### Real Gas Law

Johannes van der Waals, a Dutch physics professor, wanted to adapt the ideal gas law into a law that would be suitable for the behavior of real gases. So, in 1873, van der Waals derived the real gas law from the ideal gas law.

How exactly did Van der Waals do this? First, he looked at the **i****deal gas equation**.

$$$P\cdot V=n\cdot R\cdot T$

Remember that:

- Pressure (P) is in Pascal (Pa)
- Volume (V) is in Liters
*n*is the number of moles of gas- R is the universal gas constant
- Temperature (T) is the Kelvin

Since gases do have volume, he made adjustments to correct the volume. He saw that the real volume of gases increased with the increase of the number of moles of gas present. Van der Waals proposed that suggested that the correct volume should be the volume of gas minus the number of moles (*n)* of gas multiplied by a constant *b. *So,* *the formula for the correct volume:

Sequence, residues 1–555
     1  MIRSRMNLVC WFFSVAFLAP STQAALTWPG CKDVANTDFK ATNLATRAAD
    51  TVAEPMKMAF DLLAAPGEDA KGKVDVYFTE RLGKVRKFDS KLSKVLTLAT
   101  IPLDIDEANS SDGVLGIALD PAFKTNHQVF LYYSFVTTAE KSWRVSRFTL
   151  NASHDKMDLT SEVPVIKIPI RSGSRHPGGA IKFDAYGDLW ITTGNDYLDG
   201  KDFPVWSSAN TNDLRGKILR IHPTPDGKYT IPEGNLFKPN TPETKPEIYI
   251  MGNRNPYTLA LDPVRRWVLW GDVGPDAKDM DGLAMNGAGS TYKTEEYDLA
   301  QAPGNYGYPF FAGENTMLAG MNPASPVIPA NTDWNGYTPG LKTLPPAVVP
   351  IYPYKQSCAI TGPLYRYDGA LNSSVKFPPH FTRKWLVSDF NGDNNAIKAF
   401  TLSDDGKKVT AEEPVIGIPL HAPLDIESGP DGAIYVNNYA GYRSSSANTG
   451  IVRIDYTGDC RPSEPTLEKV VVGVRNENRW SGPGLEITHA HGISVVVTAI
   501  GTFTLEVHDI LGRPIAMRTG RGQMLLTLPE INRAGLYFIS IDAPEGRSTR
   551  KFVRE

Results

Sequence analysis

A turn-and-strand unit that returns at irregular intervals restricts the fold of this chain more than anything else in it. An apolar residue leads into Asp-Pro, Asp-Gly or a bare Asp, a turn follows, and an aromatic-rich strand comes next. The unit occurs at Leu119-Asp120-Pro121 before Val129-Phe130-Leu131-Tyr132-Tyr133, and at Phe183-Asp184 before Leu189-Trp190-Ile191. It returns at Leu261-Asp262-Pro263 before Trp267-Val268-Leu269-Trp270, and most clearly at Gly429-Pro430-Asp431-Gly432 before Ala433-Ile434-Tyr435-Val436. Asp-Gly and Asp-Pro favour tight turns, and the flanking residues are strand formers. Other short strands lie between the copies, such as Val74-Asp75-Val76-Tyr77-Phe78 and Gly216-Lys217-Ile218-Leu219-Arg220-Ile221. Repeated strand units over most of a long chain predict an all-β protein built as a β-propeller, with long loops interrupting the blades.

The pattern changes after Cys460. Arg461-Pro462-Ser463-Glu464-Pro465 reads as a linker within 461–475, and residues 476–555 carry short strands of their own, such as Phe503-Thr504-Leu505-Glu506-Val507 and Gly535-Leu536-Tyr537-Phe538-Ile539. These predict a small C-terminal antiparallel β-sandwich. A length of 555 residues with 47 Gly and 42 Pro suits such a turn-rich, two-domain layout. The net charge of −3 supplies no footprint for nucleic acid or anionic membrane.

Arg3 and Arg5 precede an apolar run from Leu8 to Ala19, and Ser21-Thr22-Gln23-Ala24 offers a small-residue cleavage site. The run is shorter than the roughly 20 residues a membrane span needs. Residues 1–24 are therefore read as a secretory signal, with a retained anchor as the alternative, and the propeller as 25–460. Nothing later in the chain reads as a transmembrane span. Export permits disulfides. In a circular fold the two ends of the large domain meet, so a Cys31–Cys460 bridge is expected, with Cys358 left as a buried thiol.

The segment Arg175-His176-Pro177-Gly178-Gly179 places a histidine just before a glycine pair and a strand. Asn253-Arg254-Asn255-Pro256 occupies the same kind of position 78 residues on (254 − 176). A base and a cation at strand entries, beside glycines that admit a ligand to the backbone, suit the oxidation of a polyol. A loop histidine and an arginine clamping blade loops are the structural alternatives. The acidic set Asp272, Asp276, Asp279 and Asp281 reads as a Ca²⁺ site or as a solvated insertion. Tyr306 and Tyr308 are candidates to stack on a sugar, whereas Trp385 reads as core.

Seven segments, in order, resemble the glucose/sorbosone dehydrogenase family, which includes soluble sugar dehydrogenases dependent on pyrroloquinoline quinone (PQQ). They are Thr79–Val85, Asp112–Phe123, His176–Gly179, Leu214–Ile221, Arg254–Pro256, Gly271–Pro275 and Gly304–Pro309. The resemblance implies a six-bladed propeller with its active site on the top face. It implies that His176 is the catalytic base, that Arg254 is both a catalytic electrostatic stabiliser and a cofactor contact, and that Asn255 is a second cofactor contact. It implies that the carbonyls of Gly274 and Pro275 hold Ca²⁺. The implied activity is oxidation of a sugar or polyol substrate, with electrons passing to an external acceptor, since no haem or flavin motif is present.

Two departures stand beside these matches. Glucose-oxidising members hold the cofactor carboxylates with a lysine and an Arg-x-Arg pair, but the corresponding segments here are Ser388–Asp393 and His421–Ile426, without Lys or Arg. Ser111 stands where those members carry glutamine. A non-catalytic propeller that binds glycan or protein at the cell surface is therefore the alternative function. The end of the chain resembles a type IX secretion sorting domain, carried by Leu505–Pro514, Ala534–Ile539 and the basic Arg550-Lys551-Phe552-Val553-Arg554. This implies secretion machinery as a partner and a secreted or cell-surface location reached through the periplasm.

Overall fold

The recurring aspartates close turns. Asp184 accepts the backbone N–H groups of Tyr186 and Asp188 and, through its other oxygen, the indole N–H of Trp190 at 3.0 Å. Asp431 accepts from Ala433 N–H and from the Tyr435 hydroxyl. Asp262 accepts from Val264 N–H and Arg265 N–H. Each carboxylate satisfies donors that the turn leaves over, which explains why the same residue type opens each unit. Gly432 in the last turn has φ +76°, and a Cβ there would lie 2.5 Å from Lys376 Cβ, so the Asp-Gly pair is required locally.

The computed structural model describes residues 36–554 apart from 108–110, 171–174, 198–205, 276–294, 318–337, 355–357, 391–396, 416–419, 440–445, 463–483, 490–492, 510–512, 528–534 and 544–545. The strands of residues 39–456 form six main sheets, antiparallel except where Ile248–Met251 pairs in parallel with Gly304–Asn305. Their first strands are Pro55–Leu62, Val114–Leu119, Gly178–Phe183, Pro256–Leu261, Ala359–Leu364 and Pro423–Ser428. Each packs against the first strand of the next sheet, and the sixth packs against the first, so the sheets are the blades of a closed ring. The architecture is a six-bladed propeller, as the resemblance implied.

$$=V-nb$$

He also corrected pressure to account for the attractive forces, which are stronger at low pressure and higher density. Van der Waals added a new constant *a *for this. The greater the constant *a*, the greater the intermolecular forces holding the gas molecules together. The corrected pressure formula was equal to

$$P+\frac{an^{2}}{V^{2}}$$

Van der Walls then needed to modify the equation to account for the finite volume of the gas particles and the presence of intermolecular forces. So he came up with a __formula for calculating real gas__, which he called** the van der Waals equation** for real gases.

$$[P+a(\frac{n}{V})^{2}]\cdot [V-bn]=n\cdot R\cdot T$$

**Van der Waals equation** is an equation that relates pressure, volume, temperature, and amount of gas in real gases, accounting for finite volume and the presence of intermolecular forces.

The values for Van de Waals constants *a* and *b *depend on the type of gas we are dealing with:

Gas | Constant a ($\frac{\mathrm{atm}\xb7{\mathrm{L}}^{2}}{{\mathrm{mol}}^{2}}$) | Constant b ( $\frac{\mathrm{L}}{\mathrm{mol}}$) |

Helium (He) | 0.0341 | 0.0237 |

Neon (Ne) | 0.211 | 0.0171 |

Argon (Ar) | 1.35 | 0.0322 |

Hydrogen (H_{2}) | 0.244 | 0.0266 |

Nitrogen (N_{2}) | 1.39 | 0.0391 |

Oxygen (O_{2}) | 1.36 | 0.0318 |